Some Canadian and American scientists and doctors seem to feel that marijuana’s medical usefulness has been ignored and the drug removed from further research due to cannabis’ "unsavory reputation" as much as any scientific evidence discounting its therapeutic effects. Not all authorities are willing to abandon cannabis in favor of more readily acceptable medications, however. In his 1968 The Marijuana Papers, David Solomon argues that: Marijuana should be accorded the medical status it once had in this country as a legitimate prescription item. After 1937, with the passage of the Marijuana Tax Act and subsequent federal and state legislation, it became virtually impossible for physicians to obtain or prescribe marijuana preparations for their patients. Thus, the medical profession was denied access to a versatile pharmaceutical tool with a history of therapeutic utility going back thousands of years.

A 1970 article, "Pot Facing Stringent Scientific Examination," claims that chemical and animal experiments are still ongoing into the medicinal use of marijuana for analgesia-mood elevation, blood pressure reduction-hypertension, and psychotherapeutic uses such as antidepressants and antianxiety drugs.

Other proponents of marijuana studies have urged that research be conducted into a wide variety of possible medicinal characteristics of cannabis, including: anticonvulsant effects (treatment of tetanus, convulsions of rabies, epilepsy, and infant convulsions), psychotherapeutic actions (appetite stimulation, treatment of depression, anxiety reduction as a sedative and hypnotic, treatment of addiction), antibiotic properties, and pain-affecting power. Along with the above-mentioned, T.H. Mikuriya, in his 1968 paper "Marijuana in Medicine: Past, Present and Future," suggests these additional possible therapeutic uses of THC and similar products: "prophylactic and treatment of neuralgias, including migraine and tic douloureaux, tranquilizer, anti-asthmatic, oxytocic, anti-tussive, topical anesthetic, withdrawal agent for opiate and alcohol addiction, and childbirth analgesic."

Throughout the 20th century, even limited research into the medical uses of marijuana has yielded new and exciting results. A 1972 study by Frank into the use of cannabis to reduce interocular pressure found that as the dose of marijuana increased, the pressure within the eye decreased by up to 30% in persons with normal eyes as well as in those suffering from glaucoma.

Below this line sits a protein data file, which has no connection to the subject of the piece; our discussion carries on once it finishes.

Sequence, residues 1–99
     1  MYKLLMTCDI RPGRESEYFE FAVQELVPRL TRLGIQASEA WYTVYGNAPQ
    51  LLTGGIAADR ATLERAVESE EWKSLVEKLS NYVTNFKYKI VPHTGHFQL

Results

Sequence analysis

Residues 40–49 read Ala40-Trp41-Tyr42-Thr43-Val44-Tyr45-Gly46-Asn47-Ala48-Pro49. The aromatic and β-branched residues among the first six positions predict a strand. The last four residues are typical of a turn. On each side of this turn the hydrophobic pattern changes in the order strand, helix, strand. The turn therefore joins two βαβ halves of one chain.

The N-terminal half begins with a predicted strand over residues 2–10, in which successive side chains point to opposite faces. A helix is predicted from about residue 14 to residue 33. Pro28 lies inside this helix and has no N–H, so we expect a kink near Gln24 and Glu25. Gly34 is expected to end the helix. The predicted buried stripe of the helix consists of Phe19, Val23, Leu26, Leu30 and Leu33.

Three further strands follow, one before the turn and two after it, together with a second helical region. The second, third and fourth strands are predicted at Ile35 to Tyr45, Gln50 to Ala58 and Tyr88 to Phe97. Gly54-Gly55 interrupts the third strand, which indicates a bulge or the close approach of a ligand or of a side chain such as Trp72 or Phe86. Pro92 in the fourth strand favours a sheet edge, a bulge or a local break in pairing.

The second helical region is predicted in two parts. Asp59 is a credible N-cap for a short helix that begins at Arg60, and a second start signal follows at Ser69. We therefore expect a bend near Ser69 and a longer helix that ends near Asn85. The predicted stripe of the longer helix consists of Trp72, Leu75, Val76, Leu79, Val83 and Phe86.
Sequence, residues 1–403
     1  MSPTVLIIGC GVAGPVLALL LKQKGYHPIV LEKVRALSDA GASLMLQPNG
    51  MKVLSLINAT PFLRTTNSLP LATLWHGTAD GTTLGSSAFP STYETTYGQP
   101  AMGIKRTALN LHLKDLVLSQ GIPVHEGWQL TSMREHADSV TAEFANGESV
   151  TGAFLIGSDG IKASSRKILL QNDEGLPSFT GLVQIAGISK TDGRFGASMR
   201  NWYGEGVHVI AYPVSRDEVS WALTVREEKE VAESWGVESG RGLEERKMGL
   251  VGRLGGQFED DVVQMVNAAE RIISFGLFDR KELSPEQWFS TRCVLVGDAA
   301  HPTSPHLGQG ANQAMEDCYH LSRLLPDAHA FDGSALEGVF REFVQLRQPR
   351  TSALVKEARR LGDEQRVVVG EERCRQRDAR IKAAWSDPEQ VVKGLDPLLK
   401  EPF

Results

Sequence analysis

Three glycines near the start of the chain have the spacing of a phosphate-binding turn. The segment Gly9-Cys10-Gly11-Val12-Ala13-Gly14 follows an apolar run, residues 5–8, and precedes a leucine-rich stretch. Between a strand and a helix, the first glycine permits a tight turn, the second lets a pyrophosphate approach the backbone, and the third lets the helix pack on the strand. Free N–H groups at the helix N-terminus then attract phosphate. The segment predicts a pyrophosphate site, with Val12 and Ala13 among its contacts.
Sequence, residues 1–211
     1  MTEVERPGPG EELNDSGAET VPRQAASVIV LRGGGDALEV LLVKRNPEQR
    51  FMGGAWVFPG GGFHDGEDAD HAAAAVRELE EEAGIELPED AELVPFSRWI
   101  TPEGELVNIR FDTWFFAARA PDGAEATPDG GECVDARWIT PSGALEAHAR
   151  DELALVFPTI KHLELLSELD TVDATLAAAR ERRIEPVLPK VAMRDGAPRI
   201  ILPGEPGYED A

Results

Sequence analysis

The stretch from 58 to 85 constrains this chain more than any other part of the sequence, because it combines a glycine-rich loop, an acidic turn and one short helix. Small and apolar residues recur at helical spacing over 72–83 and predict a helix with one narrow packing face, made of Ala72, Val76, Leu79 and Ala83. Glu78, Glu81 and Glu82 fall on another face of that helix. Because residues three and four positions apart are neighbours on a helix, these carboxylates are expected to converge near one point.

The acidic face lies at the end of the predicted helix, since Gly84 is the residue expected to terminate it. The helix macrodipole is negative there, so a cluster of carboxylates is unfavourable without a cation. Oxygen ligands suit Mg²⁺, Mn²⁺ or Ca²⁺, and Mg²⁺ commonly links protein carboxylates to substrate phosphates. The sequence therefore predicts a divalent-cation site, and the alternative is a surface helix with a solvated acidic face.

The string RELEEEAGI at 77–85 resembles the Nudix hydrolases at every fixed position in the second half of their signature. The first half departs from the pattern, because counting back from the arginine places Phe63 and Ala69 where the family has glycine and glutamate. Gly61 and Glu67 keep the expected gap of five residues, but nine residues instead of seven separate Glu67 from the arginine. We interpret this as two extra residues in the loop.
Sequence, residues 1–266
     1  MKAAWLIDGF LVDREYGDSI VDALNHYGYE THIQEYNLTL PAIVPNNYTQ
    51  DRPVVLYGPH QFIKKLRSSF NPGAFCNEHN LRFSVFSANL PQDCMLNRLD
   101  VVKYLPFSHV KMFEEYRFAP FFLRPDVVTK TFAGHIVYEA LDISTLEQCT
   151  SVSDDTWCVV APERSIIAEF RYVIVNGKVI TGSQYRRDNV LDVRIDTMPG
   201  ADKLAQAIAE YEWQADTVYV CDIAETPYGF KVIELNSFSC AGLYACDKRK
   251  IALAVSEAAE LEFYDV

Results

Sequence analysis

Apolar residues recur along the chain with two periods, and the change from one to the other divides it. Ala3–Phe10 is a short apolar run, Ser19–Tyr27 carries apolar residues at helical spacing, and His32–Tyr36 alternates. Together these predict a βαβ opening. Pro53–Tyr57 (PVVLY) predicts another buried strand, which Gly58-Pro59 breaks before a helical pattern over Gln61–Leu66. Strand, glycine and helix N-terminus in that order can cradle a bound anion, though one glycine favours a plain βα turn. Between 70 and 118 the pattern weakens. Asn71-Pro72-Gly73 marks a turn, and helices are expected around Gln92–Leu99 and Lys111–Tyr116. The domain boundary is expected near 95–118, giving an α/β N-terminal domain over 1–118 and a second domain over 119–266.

Czechoslovakia seems to be one of the leading countries in medical marijuana testing. In 1952 research there found that both an alcohol extract of cannabis and an externally applied paste form were bacterially effective against many gram-positive and one gram-negative microorganisms. Dr. J. Kabelikovi reported that out of the 2,000 herbs in that study, cannabis indica had the most promise as an antibiotic.

A 1960 report by Kabelik, Krejci, and Santavy, "Cannabis as a Medicant," lists the microbes upon which cannabis extracts produced a very satisfactory antibacterial effect: staphylococcus pyogenes aureus, streptococcus alpha haemolyticus, streptococcus beta haemolyticus, enterococcus, diplococcus pneumonia, B. anthracis, and corynebacterium diptheriae.

Other countries pursuing cannabis research include Argentina, Rhodesia, England, United States, Basutoland, and Mexico. Cannabis appears in a variety of forms in these studies, including ground-up seeds, a poultice of fresh leaves, tobacco, a mouthwash, a beverage, dusting powder, ear drops, alcohol solutions with glycerine, and dentin powder, as well as in a synthetic cannabis-like drug (Pyrahexyl). Interestingly enough, many of the medical applications of cannabis now being tested are the same treatments for which cannabis has been successfully used as a folk remedy since ancient times.